So the employer folds and the union gets more rights.
So the employer folds and the union gets more rights.
The employer folds, meaning they keep on people they don't need, wasting money that they could be using to improve the service.
Sounds like anyone that is against unions is playing the devil's advicate.
Now you're being Mr. slippery-slope
listen the editor. the free market system doesn't work. idle labor is not efficiently allocated to other industries. in this light it is important that as few people lose their jobs as possible. considering the inefficiencies of the free market, there must be an institution that makes sure decisions regarding labor are not based solely on profit.
the point of strikes is to force other cost-cutting measures. often times they are available. for example they could reduce management salaries, suspend bonuses and dividends, sell stock, and look for other ways to reduce overhead rather than cutting labor. this is because people need jobs to survive, and the labor market does not efficiently re-allocate labor. and in our modern day when well paying jobs are being destroyed, it is important than if someone has a good manufacturing job they should stay on it as long as possible.
even if a company pays them to stand around. if they can afford it they should be made to do so. because if they CAN afford it then the money saved from labor would simply be redistributed to executives and shareholders. if after all other cost cutting measures have been employed they still cannot afford all the labor, then they should cut some so that other jobs can still remain; but not a moment before.
The point of a company isn't to provide jobs, and it never should be.
Because it undermines the fundamental reason why businesses exist: to provide services or goods in exchange for other services or goods. If you create a business purely to provide jobs, you will inevitably reduce your ability to efficiently produce goods or services. This means other companies will be able to undercut you and that's it, you're out of the game. Everybody loses their job and they're all no better off than when they started.
alright i just wanted to see if you'd actually give an answer
anyway that wasnt the point of my post at all. the point was that providing good jobs should come as a responsibility to a company while it produces. until those jobs become burdensome to the point of interfering with the ability to produce. IF they do then job cuts can start, AFTER alternate cost-cutting measures have been enacted. not a single job should be cut or reduced until executive compensation has declined by about 80% of thereabouts. it should be a last resort. for several reasons.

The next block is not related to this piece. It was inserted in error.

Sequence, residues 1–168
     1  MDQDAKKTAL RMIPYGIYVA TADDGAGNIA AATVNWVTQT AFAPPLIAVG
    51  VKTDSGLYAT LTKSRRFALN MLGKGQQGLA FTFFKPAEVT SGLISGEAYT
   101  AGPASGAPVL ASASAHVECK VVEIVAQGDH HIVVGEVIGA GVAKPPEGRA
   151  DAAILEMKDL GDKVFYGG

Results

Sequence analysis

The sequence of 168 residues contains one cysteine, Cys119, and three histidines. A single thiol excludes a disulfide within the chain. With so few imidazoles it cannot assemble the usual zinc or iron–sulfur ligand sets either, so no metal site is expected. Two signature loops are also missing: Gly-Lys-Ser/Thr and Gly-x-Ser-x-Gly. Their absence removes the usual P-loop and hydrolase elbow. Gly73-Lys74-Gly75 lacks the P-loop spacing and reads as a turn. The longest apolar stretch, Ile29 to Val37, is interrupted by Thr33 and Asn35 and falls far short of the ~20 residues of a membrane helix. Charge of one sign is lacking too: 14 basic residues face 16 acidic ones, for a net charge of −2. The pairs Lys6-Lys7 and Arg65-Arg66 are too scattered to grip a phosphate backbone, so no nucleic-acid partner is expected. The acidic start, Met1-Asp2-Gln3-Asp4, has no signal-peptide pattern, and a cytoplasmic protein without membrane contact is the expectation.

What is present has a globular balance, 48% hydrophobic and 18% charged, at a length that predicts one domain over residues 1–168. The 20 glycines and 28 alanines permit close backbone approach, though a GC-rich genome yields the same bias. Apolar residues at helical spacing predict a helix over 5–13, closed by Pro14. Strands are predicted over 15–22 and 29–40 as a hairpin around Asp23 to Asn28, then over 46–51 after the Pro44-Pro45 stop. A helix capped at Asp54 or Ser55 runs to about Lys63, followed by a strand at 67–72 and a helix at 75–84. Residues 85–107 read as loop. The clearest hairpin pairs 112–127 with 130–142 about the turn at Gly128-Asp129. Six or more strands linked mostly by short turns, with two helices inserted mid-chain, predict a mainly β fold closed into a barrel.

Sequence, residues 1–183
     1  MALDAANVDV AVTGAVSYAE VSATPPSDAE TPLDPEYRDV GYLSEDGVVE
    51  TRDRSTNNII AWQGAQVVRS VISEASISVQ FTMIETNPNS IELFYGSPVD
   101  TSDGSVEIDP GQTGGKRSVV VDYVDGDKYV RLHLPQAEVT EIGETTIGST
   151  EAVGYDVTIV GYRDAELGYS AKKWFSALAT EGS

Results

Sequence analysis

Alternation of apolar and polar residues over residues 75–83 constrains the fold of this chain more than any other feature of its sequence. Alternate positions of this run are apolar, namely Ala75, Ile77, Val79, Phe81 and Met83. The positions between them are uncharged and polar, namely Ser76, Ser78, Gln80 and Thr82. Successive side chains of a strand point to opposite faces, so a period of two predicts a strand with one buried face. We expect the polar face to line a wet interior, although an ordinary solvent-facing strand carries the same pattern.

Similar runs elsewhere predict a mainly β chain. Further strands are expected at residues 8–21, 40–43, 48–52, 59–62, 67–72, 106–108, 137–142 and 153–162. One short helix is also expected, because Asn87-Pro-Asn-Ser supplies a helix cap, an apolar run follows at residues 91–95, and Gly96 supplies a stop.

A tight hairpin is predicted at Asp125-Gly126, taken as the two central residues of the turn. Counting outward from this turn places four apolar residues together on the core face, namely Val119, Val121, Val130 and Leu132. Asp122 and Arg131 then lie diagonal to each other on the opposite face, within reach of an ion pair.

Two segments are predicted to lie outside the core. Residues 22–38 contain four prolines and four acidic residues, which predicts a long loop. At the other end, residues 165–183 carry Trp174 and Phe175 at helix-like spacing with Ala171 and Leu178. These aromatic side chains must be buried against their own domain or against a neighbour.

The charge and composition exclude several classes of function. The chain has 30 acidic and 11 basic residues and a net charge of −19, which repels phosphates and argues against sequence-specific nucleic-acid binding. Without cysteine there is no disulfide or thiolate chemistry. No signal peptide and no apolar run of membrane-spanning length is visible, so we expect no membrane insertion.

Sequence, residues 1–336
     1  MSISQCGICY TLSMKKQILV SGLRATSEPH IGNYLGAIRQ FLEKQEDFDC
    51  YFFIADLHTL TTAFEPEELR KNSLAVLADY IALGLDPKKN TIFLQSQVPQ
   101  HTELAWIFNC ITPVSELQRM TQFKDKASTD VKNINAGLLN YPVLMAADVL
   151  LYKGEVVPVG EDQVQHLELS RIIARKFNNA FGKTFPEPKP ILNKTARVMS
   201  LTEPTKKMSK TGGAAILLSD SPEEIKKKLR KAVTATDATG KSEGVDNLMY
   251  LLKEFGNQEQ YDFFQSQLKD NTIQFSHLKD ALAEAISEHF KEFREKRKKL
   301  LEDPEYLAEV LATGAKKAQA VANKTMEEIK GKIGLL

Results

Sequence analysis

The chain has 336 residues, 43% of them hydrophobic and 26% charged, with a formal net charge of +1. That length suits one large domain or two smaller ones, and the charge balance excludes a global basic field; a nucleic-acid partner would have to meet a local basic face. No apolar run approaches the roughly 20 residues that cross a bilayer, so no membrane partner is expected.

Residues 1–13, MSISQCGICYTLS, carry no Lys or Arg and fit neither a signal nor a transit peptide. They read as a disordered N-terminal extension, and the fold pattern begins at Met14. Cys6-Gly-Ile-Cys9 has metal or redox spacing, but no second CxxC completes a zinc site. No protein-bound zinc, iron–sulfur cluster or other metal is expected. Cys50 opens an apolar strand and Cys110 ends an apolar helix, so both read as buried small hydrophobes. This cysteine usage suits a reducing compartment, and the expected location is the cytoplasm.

of course there is the reason that people need jobs to live and that the free market cannot efficiently reallocate labor. also this is a problem for the entire economy. in a recession it will make sense for each firm to cut employees and hours as demand decreases. but when everyone does that there is a further demand slump. this is because the crown jewel of capitalism's failure is that perfectly sensible and preferable microeconomics decisions often collude to produce macroeconomic disaster. the easier it is for firms to cut jobs, the more they will do so. in a recession, more jobs will be cut. more job cuts, decreased demand. it is a cycle essentially of no short-term end without significant intervention to force firms to retain jobs.
besides this is all outside the scope of YOUR original argument. that being that unions seeking to save jobs will cause the entire company to fold. not if alternative cost cutting measures are successful. if they are not then jobs can be cut. a union has a job to do, that being to look out for its workers. a union should not allow job cuts until all other means of cost cutting and improving efficiency has been tried. thats really what its down to.
Yes, a union has a duty to its members to keep their jobs no matter what the cost to the company. However, the needs of the company should also be considered. It can be far more efficient to reduce a superfluous workforce, but the union will fight it. My point is that at the current time some unions have too much power and that they abuse that power. For example, the underground unions regularly strike over things like pay, despite being paid far more than most people with similar qualifications. These strikes affect not just TFL but also millions of people who have nothing to do with this and would just like to get to work on time for once.
By the way, there is a problem with cutting pay to management: they can get other jobs, with better pay.
too lazy to search threads from months ago
Rayne you where never talking about communism a month ago
unions need more power in Britain, their power is extremely insufficient and industrialised nations like Germany which promote corporatism and worker relations are having productive economies. that's an argument which needs to be lumped in here rather than a theoretical debate about the purpose of collective bargaining in a free-market economy and its flaws in terms of capitalism
i probably have a wrong idea on what a union actually is. anyone care to enlighten me?
workers in a particular company or trade come together to negotiate contracts for their workers. the contracts will stipulate terms of pay but also terms of conduct by the employer for scheduling, dismissal, work conditions etc so if a worker feels he is being treated unfairly by the employer he can have a union representative demand the contract be enforced. usually they will restrict non-union workers from entering whatever is unionized so the contracts cant be undercut, and declare strikes if they can't come to an agreement with the employer. in the US at least once a union has been formed employers are legally obliged to bargain 'in good faith' meaning they have to make reasonable concessions in terms of pay, worker protection, etc.